church tradition,” Zehr said. In an era in which MDS is trying to build its volunteer base, Zehr insists we shouldn’t look at “nones” as a problem to solve. “The vision at MDS is that we strive to be the hands and feet of Jesus to those affected by disasters. MDS is uniquely positioned.” In its simplest form, he added, Jesus is the center of our faith. “We all agree: helping people who cannot recover

Sydney, Cape Breton


Repaired home, new mattresses in Cape Breton Repair the roof, replace the second- floor ceiling and walls, new floor due to mold. That was the job given to MDS volunteers at Brianna Fraser’s house in Sydney, Cape Breton. But volunteers who were working at the single mother’s house in June noticed something else: The mattresses in the children’s bedrooms were musty and old and needed replacing. That wasn’t on the job card, so they took it into their own hands by raising the funds among themselves to get new mattresses for Anthony and John Michael. “It’s another amazing MDS story,” said Peter Thiessen, who served as Project Director in May. “Jesus loved children, and so do we. Volunteers were just reflecting Jesus when they provided new mattresses.”

on their own get back into safe housing is a very Jesus-y act.”

Spending a week volunteering for MDS means working hard, getting sweaty, giving of yourself, and switching gears. “We also offer a way to participate in reducing inequity and injustice while working at climate mitigation practices—like building bridges that don’t sweep away when the crick rises,” he said. “We offer a place where differences are left at the door for the sake of the mission.” It’s the theology of the hammer. “I hope that we are all building bridges into our community,” said Zehr. “We need people willing to serve who are also willing to invite ‘nones’ to join them.” “First, listen to the stories of others and, then, when invited, tell your own,” Zehr recommended. “We need to listen deeply.”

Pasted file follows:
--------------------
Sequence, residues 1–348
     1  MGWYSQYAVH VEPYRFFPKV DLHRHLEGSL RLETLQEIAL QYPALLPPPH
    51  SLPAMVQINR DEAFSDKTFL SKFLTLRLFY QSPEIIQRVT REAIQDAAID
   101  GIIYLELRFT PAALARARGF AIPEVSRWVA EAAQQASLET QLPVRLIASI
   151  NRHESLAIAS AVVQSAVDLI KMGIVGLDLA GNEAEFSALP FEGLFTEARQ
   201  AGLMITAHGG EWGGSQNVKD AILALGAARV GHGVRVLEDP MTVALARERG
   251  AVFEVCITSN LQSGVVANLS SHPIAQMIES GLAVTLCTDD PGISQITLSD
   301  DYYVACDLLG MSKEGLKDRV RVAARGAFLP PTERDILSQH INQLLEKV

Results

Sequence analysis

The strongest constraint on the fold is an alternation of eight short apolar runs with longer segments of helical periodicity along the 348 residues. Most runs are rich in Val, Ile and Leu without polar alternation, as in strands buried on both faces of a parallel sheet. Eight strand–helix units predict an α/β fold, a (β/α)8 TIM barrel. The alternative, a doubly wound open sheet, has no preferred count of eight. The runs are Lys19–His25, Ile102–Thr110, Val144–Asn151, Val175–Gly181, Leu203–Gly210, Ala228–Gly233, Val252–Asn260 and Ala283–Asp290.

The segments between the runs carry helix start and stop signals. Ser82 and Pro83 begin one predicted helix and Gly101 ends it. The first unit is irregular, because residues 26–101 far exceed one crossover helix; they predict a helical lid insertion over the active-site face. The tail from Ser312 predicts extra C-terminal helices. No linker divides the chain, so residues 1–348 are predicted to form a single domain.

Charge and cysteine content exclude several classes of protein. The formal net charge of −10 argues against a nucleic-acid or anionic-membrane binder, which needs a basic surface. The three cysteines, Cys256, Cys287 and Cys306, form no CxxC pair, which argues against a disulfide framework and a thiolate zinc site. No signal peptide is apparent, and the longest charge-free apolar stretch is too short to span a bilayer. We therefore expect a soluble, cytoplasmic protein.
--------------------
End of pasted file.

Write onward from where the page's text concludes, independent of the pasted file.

Camp Palisades, Idaho

Youth group leader Kevin Miller said serving with MDS brought the group even closer. “One thing I always enjoy about mission trips and being with the youth is the bond and closeness it creates with a group, when they spend time and have fun working together,” he said. Camp Palisades is a ministry of First Mennonite Church in Aberdeen, Idaho. Gary Krehbiel, a member of the church who serves on its campground committee, said the youth group has been a real blessing. “It seems like our congregation is all getting a little bit older and we can only do so much,” he said. As he visited the camp to see the progress, he added, “I could not stop smiling. I don’t remember the last time it looked so nice.” Michele WhiteEagle, who is serving as project director of the MDS Family Program, expressed how incredible she thinks the young volunteers are. “They’ve volunteered with excitement and adventure,” she said. “Now not only MDS families but families from the church and from the community will be able to experience the camp as well.”


In an era of “nones,” what can MDS offer? In a seminar at MennoCon


(Mennonite Church USA convention) in July, MDS Volunteer Development Coordinator, Terry Zehr, explained what this might mean. “It has become clear that a higher percentage of the population, when polled, checked off the box ‘none’ for religious affiliation,” he said. “People are leaving the church,” especially young people. “Many of these young people come from a long, deep generational

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